He was a shining light during a dark time: Sir Nicholas Winton saved 669 Jewish prisoners in, then called, Czechoslovakia from certain death in a concentration camp. Most of those saved were children at the time and Jewish. For decades, Winton lived a reserved life in secrecy, up until this memorable day.
The BBC came across this unbelievable story in 1988 and wanted to honor the silent hero after all these years in silence.
That is why they invited Sir Nicholas Winton into the studio and placed him in the first row of the audience. The space next to him was taken by a very special person.
During their research, the producers found a list of people who had been smuggled out of the country and saved from the gas chambers. One of these people, a child at the time, was sitting directly next to her rescuer.
It was Vera Diamant, as pictured here as a child. She also had her life to thank to Nicholas Winton.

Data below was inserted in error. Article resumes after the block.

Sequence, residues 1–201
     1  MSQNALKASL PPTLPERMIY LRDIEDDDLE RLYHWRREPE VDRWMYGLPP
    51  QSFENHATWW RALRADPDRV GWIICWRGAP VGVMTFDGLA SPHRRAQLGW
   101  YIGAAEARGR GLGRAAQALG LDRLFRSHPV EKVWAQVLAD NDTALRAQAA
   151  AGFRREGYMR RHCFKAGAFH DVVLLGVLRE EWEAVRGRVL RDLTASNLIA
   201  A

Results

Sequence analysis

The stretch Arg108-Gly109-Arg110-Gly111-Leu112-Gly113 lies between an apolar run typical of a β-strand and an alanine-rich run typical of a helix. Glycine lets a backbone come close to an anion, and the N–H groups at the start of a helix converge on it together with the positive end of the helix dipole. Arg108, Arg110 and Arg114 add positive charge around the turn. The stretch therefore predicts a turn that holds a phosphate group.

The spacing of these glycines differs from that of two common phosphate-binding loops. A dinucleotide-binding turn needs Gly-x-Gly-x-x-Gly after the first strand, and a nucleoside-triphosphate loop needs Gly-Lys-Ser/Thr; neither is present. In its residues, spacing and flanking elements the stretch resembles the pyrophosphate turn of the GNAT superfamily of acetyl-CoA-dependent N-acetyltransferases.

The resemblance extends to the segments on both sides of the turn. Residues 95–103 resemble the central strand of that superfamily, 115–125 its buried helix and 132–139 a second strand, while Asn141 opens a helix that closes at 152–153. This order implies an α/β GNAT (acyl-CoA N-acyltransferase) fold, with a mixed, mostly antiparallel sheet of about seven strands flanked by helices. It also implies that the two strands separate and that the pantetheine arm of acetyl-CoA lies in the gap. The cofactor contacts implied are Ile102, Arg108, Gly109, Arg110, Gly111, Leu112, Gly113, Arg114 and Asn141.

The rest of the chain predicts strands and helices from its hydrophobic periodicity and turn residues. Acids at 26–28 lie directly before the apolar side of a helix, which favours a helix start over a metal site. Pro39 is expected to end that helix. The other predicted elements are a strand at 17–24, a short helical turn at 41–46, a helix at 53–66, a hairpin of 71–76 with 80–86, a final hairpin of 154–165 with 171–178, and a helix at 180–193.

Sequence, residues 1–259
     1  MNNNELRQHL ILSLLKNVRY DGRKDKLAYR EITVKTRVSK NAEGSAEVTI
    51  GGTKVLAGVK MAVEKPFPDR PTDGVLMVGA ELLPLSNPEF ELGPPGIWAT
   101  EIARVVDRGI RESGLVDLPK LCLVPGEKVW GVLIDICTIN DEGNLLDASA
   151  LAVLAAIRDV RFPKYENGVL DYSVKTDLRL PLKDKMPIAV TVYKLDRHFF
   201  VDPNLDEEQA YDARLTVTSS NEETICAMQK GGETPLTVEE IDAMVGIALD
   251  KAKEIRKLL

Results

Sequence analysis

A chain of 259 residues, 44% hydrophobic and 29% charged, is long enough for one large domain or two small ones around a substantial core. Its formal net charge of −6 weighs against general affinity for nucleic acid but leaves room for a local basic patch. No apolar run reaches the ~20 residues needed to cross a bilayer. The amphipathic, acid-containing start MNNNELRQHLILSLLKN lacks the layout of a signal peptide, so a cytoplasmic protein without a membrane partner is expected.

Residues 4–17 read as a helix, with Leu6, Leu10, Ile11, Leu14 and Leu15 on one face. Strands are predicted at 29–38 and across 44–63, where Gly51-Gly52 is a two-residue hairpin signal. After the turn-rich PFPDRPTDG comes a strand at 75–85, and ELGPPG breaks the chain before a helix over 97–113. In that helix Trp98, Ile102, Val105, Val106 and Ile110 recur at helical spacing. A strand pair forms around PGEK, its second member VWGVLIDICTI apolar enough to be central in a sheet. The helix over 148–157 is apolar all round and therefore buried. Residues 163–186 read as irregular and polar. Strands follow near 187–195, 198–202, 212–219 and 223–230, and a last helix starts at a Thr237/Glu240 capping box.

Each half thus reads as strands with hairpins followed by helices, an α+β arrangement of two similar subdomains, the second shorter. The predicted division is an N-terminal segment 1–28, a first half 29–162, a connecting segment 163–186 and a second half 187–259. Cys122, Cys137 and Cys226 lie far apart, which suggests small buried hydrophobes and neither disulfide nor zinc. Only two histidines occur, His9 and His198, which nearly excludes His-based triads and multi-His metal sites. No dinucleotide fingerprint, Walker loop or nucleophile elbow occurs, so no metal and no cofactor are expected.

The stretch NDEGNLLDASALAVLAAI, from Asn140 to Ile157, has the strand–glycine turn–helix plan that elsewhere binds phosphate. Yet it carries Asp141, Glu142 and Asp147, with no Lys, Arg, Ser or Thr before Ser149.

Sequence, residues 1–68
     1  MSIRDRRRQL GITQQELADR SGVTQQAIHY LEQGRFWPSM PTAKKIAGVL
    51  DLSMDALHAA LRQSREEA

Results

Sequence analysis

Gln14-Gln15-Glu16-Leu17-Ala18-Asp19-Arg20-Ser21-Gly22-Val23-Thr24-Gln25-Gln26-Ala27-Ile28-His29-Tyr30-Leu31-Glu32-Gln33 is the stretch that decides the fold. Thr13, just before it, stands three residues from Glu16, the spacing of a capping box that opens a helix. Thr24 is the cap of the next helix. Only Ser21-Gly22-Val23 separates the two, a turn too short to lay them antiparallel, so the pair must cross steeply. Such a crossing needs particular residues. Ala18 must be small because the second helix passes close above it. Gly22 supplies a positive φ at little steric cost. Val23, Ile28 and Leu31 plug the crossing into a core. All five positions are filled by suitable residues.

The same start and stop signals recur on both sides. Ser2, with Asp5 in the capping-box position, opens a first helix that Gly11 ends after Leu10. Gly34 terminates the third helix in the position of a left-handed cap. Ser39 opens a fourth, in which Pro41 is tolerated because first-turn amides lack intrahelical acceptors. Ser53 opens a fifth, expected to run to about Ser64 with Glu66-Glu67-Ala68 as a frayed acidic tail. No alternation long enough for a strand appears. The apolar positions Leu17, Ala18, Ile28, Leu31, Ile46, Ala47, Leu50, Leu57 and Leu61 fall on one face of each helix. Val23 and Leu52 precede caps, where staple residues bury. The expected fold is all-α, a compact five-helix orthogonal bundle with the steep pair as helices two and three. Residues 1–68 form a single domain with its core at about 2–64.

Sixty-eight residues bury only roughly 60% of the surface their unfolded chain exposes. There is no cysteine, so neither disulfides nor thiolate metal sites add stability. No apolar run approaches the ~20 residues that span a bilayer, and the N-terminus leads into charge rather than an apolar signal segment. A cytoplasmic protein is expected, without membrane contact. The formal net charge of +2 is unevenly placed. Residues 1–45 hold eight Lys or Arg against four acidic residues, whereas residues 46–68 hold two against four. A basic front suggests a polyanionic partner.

And she hugged her rescuer immediately, as she discovered that he was sitting next to her. Tears of affection ran down the faces of both. But that was not close to the high point of the of the emotions.
As the camera drew back, displaying the audience in full frame, the presenter asked everyone who had had their lives saved by Nicholas Winton to stand up.
And suddenly several people stood up and applauded. Many even smiled, others cried from emotion. The man in the middle, Sir Nicholas Winton, was completely overwhelmed.
He must have never expected all this. Over the years, the memory of the individual events actions have certainly blurred, but suddenly now came everything rushing back. Tears flowed and no one was ashamed about it. And he who saved 669 from certain death was the least ashamed: Sir Nicholas Winton!
Here is a cut from the show:
This man saved almost 700 people from the worst fate on the planet. That alone is almost impressive enough. But what is even more touching, is his humble reticence concerning the entire affair. The ultimate moment, where all around him stand up, leaves no one cold while the tears flow.
70 years after the end of World War II, this story shows that, even during the darkest times of humanity, there are helpers willing to risk everything for what they believe is right. Share this man's monumental actions, which were done because they were right, not glorious.